Botanist – Photosynthesis (The Flenser, 2020)

Now, I’ve never really listened to Botanist before. I’d heard of black metal’s favourite plant botherers back when they first appeared on The Flenser’s roster, but I’d only just got into the genre and ignored them for the bigger names. I’m regretting that now, as this is some of the most exciting modern black metal that I’ve heard in ages. They also raise some interesting questions, like what the fuck is an electric hammered dulcimer?

Turns out, it’s a modern version of a traditional Celtic instrument that kinda sounds like a harpsichord. It’s quite jarring on the first listen, to the point that I nearly gave up after my first listen of opener “Light”, as the its uniqueness initially stops the listener from focussing on anything else. However, the more you listen to it, the more it works. It complements the thunderous drums and buzzing guitars by adding an eerie delicateness to an otherwise furious racket. Further building upon the band’s avant-garde take on black metal is the addition of the proggy basslines of new member Tony Thomas (of death metallers Dawn of Oroboros), which are a departure from previous releases.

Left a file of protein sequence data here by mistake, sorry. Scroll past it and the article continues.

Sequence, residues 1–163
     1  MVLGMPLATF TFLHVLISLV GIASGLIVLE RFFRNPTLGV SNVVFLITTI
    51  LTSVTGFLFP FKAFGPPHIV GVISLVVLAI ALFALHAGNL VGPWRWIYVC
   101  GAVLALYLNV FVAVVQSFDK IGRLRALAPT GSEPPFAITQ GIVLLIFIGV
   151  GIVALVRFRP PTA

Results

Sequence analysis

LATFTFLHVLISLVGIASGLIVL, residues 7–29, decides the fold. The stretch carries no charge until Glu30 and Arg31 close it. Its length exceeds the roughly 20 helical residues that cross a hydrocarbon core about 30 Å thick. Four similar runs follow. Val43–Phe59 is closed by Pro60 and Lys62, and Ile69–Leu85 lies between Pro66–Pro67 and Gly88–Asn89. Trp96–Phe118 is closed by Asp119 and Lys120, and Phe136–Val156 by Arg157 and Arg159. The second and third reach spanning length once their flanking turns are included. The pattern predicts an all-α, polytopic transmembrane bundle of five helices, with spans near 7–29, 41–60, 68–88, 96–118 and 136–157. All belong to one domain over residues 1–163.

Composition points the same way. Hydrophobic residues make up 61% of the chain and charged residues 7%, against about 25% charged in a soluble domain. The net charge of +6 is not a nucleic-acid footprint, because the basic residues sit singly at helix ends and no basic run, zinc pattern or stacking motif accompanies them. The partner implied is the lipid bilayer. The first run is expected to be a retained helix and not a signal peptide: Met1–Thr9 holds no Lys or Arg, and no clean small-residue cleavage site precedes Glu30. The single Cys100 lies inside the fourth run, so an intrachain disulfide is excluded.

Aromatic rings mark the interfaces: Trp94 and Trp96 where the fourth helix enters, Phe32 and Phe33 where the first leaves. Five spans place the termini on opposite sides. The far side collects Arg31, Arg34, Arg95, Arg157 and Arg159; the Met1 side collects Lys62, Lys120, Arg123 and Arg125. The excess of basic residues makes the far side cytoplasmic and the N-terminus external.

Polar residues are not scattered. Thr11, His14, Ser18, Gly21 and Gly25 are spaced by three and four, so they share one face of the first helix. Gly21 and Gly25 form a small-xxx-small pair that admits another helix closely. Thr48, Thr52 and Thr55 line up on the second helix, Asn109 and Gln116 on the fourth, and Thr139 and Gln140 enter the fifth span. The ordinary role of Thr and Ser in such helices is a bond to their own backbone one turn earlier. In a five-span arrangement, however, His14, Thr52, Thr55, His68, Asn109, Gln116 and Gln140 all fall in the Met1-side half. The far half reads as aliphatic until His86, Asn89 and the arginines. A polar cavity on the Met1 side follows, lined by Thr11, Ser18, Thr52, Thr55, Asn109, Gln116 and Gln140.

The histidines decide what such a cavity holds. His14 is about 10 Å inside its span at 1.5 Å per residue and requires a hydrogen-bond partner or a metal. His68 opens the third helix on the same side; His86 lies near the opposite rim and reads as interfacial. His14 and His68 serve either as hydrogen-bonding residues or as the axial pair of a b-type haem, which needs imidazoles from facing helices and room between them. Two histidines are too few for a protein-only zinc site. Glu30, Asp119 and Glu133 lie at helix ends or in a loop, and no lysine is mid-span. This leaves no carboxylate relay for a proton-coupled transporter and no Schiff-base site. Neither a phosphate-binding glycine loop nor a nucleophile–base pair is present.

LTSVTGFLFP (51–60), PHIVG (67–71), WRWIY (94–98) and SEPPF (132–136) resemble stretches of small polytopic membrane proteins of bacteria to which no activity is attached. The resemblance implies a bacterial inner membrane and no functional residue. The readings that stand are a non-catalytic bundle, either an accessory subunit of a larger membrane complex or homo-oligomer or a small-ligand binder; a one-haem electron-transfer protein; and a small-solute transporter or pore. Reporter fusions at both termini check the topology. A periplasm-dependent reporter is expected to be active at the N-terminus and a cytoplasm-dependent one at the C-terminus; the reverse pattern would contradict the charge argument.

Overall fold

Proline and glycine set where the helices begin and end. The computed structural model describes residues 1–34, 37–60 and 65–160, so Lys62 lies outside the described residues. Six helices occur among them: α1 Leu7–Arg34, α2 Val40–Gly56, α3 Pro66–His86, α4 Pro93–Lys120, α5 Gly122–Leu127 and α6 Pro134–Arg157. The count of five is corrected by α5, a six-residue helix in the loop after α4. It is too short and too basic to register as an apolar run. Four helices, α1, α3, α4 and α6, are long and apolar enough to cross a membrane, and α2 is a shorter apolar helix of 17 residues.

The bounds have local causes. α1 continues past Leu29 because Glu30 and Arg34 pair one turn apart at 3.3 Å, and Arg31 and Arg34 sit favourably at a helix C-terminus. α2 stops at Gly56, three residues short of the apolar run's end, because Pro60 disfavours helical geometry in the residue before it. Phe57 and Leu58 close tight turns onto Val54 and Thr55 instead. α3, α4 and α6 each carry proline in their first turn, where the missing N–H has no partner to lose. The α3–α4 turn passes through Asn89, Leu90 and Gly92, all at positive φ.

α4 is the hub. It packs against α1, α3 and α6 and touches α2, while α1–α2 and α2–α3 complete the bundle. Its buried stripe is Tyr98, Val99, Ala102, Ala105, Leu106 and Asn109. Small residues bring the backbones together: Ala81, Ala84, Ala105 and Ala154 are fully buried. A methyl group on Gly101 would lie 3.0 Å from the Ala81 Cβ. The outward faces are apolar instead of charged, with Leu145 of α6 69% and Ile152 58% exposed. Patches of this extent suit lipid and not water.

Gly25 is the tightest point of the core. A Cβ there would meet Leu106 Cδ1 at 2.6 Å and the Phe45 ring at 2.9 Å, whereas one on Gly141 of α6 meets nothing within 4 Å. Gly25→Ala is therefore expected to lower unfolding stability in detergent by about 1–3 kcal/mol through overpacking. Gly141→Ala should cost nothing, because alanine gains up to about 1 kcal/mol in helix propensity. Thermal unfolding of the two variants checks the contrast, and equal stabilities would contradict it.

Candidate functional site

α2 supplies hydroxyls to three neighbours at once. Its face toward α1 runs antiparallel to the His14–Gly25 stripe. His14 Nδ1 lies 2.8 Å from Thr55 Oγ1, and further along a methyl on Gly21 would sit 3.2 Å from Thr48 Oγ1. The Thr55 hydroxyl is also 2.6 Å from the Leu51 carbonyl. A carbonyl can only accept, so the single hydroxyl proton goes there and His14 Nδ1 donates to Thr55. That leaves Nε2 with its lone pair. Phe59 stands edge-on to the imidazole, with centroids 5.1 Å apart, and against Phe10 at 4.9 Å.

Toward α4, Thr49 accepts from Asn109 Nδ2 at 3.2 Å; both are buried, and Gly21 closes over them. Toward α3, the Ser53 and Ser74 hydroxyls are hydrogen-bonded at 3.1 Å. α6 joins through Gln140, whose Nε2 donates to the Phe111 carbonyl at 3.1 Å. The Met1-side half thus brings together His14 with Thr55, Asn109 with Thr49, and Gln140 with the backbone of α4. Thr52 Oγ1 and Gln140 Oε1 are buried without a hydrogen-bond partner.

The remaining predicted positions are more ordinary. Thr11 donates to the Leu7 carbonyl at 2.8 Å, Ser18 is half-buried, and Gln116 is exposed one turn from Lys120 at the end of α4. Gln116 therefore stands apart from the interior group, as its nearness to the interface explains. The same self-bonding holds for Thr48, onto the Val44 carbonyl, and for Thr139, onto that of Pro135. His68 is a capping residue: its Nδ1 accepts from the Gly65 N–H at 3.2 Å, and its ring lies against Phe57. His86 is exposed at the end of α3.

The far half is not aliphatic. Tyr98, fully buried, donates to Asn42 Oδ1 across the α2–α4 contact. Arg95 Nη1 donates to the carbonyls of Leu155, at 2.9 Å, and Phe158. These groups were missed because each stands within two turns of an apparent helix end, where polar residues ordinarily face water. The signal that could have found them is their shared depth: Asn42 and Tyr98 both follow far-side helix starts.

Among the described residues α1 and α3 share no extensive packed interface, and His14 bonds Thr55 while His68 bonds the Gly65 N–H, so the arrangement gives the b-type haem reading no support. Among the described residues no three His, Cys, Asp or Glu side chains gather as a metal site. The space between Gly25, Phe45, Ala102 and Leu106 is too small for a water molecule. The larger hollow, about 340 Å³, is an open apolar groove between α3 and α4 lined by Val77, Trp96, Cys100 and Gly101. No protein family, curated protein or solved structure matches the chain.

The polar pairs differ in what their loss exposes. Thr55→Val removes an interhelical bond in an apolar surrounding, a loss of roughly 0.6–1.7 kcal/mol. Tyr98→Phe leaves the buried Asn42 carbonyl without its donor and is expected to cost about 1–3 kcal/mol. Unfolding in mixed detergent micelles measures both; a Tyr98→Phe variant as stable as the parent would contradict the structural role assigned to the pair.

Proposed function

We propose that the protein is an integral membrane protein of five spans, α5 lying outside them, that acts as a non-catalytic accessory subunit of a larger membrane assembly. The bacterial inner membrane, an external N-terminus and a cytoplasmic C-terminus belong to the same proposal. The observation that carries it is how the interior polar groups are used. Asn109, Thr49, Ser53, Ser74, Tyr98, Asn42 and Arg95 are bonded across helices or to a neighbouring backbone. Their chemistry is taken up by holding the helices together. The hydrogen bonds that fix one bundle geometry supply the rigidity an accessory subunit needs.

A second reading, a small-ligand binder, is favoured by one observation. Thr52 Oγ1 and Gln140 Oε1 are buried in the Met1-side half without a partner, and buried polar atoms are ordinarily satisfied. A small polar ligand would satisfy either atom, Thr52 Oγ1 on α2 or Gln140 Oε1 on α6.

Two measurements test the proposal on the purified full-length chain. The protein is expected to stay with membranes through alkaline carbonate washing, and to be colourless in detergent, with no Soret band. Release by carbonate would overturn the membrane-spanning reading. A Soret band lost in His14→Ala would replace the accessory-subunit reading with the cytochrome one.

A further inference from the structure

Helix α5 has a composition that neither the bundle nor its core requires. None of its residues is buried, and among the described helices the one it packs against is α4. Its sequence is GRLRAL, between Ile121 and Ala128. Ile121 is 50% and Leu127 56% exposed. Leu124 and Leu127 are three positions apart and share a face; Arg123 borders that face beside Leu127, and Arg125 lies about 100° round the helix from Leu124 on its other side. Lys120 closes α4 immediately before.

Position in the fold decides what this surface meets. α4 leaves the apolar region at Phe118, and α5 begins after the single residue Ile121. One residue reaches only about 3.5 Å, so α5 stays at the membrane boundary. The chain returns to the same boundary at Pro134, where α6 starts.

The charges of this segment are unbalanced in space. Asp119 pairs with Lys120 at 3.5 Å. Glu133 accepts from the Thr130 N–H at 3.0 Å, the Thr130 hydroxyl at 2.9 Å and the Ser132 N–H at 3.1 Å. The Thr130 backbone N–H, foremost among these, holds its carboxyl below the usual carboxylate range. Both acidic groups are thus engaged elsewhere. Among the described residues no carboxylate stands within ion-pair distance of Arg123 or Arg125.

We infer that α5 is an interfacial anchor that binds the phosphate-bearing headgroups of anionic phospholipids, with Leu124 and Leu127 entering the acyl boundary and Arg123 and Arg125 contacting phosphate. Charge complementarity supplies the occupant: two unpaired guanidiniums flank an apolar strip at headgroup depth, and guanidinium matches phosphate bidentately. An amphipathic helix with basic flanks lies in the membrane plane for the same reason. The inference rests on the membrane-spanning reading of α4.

As the title suggests, the album is thematically focussed on the biological process of photosynthesis and the theme of forests acting as the lungs of the planet. Lyrics focus on the individual processes, organs and cells involved in photosynthesis, while still sounding metal as hell. To an extent, this ties in with some of the themes explored by Cascadian black metal bands, like Wolves In The Throne Room, but Botanist step away from the more traditional style of black metal those bands play. Instead, we get a sound that veers between wintry, almost Eastern-European, sounding segments (courtesy of the dulcimer), semi-choral singing and the proggier side of black metal. As a result, the band cultivates a sound that is equal parts terrifying, haunting and uplifting. If you’re expecting wall-to-wall blast beats and guttural screaming, you will be disappointed, though they do make a number of appearances across the record.

Photosynthesis is a challenging record that will be like marmite to a lot of people. Some black metal purists will be turned off by the clean vocals and use of non-traditional instruments, but those who are a bit more open to the more left-field corners of the genre will dig the hell out of it. It’s a record that requires a few listens to truly appreciate, but is worth that extra bit of effort.

FFO: Altar of Plagues, Deafheaven, Deathspell Omega

Top Cuts: Water; Dehydration; Palisade

Score: 7.75/10

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